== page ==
By Ruth Ingram
March 25, 2019, the CACI Analyst
Official reassurances that Xinjiang's internment camps are only "temporary" fly in the face of mounting evidence to the contrary. Faced with incontrovertible data that now up to 1.5 million Uyghurs and Kazakhs are extra-judicially interned, Beijing is refusing to bow to international criticism and continues to justify its counter-terrorism strategy. Calling on the world to support its methods, Beijing is mounting an all-out public relations drive to persuade critical voices that in fact the camps are benign and successful in achieving their objectives. But the "experiment" already two years in operation shows no sign of abating. World leaders are calling it a cultural genocide and stepping up their demands to inspect the facilities.
By Sudha Ramachandran
March 14, 2019, the CACI Analyst
In November 2018, Baluch militants, angry with China’s exploitation of their resources through Belt and Road Initiative (BRI) projects, attacked the Chinese consulate in Karachi, Pakistan. This underscored the vulnerability of Chinese nationals and infrastructure projects outside China’s borders to terrorism. In addition, China’s repression of Muslim Uighurs in its Xinjiang province has drawn the ire of Uighur militants and jihadist groups. China will have to find a way to secure its nationals abroad and projects in BRI member-states, without triggering alarm among BRI skeptics.
By Stephen Blank
February 13, 2019, the CACI Analyst
When he announced the withdrawal of U.S. troops from Syria, President Trump also announced the departure of one half (7,000) of America’s troops in Afghanistan. This abrupt decision both damaged the U.S. position in the Middle East and undermined ongoing negotiations with the Taliban over Afghanistan. It upset all the calculations of the Afghan government, leaving it scrambling for a new negotiating and strategic posture, and undid two years of successful albeit modest U.S. policy of renewed economic and political support for Central Asia. This will allow both Beijing and Moscow to respond by extending their influence in Central Asia at America’s expense and to employ their strongest capabilities for doing so.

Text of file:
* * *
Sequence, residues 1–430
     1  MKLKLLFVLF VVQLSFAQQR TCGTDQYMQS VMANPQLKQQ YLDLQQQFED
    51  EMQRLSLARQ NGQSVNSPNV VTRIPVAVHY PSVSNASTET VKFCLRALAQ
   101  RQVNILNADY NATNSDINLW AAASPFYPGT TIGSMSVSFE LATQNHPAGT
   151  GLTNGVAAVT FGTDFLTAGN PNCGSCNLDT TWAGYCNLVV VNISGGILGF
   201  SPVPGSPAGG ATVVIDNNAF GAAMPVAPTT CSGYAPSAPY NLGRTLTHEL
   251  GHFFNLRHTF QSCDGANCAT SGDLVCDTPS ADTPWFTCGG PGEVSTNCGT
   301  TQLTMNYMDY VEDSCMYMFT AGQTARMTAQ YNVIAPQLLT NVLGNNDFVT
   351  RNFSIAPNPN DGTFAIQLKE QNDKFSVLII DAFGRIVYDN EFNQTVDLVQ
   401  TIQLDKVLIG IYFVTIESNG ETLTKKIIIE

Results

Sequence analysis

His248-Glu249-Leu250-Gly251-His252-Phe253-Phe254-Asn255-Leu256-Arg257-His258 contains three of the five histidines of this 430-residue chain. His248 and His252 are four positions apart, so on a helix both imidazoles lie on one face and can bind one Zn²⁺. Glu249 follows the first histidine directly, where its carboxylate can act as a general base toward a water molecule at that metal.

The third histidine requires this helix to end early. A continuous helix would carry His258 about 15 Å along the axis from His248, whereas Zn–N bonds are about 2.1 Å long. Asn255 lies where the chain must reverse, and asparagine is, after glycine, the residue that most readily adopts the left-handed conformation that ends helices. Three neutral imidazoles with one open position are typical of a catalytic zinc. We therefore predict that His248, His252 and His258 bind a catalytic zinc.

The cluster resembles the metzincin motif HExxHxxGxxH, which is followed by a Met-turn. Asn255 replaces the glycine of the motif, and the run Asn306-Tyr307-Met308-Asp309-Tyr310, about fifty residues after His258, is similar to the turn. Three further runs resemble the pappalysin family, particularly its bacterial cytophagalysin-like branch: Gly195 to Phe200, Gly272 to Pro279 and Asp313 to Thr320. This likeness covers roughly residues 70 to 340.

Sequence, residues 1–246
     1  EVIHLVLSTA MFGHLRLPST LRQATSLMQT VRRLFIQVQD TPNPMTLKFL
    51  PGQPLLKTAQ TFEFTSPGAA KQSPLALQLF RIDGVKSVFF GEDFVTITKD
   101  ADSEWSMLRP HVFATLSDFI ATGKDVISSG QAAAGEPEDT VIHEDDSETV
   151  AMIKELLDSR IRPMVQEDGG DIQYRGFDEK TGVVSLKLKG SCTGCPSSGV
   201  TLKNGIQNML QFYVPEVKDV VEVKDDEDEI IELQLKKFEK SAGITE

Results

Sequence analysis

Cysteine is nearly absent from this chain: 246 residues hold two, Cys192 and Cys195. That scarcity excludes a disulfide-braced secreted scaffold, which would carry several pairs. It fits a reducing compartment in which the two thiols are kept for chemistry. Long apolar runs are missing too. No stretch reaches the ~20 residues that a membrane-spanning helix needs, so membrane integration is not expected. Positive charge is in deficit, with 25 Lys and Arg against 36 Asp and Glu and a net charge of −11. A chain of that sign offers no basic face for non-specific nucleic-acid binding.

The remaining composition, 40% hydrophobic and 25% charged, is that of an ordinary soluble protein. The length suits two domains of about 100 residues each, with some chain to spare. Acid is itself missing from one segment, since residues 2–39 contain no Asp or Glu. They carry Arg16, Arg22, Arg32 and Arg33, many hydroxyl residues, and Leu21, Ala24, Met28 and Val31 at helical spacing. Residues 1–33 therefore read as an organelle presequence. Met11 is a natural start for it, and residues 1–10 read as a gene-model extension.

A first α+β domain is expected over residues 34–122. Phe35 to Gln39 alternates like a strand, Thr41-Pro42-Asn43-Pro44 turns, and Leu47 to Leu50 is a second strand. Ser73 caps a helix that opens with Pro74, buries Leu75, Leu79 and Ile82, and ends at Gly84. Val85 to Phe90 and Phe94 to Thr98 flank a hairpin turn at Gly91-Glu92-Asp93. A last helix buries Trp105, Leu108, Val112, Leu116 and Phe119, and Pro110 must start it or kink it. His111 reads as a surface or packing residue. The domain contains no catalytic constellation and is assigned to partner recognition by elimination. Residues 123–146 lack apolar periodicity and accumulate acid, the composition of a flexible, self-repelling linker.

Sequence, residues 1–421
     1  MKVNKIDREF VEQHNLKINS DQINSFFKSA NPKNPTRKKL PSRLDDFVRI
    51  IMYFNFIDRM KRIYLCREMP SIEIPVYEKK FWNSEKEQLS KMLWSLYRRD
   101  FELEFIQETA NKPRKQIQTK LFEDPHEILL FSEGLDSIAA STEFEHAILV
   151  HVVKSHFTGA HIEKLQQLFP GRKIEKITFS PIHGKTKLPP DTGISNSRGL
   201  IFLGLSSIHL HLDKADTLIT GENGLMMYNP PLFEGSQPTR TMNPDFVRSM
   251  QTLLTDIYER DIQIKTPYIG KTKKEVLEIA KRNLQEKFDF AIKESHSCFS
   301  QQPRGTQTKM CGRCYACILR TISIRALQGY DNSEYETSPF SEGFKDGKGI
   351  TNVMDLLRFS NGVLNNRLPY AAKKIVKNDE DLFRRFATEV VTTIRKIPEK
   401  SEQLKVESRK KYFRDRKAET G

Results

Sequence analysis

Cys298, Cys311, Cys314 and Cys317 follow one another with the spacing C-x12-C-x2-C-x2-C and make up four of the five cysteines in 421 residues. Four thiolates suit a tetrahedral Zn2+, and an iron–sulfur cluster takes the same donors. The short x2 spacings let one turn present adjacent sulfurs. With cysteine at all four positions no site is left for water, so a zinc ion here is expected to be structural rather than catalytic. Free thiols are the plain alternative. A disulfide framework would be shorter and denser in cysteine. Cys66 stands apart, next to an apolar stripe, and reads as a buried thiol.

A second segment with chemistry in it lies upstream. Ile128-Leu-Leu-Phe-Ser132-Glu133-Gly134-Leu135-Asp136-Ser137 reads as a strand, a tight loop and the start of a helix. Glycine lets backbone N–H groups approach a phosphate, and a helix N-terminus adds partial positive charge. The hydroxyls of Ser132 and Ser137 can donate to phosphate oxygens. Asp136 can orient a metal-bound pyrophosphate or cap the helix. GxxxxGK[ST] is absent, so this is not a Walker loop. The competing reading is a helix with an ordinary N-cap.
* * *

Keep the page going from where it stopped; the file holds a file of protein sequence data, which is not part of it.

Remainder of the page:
By Tristan Kenderdine
October 30, 2018, the CACI Analyst
In the trade war with the U.S., China has clearly shown that it is willing to reject Pacific trade partners based on political over economic considerations. Beijing’s wider policy to develop industrial and agroindustrial capacity in Central Asia, the Caucasus and the Middle East means that these economies can use short-term structural changes in global trade dynamics to their longer term advantage. Ultimately, all states suffer in a trade war. If Central Asian, U.S. and European producers all had open access to China’s markets, all sides would benefit in the long run. In the short term though, a U.S.-China trade war is a huge opportunity for Central Asian economies to soak up China’s heavy industry outward direct investment despite the risk of a China policy bank debt-trap.
By Stephen Blank
September 27, 2018, the CACI Analyst
Sri Lanka’s experience with China’s Belt and Road Initiative is a cautionary tale for governments in Eurasia that wish to affiliate with this mammoth project. Chinese investments in the port of Hambantota already in 2004 identified as part of China’s “string of pearls” strategy in the Indian Ocean. However, investments took the form of loans that the Sri Lankan government could not repay. After months of negotiation and heavy pressure, the Sri Lankan government turned the port, including all its structures and capacities, plus 15,000 acres around it to China in late 2017.
The Central Asia-Caucasus Analyst is a biweekly publication of the Central Asia-Caucasus Institute & Silk Road Studies Program, a Joint Transatlantic Research and Policy Center affiliated with the American Foreign Policy Council, Washington DC., and the Institute for Security and Development Policy, Stockholm. For 15 years, the Analyst has brought cutting edge analysis of the region geared toward a practitioner audience.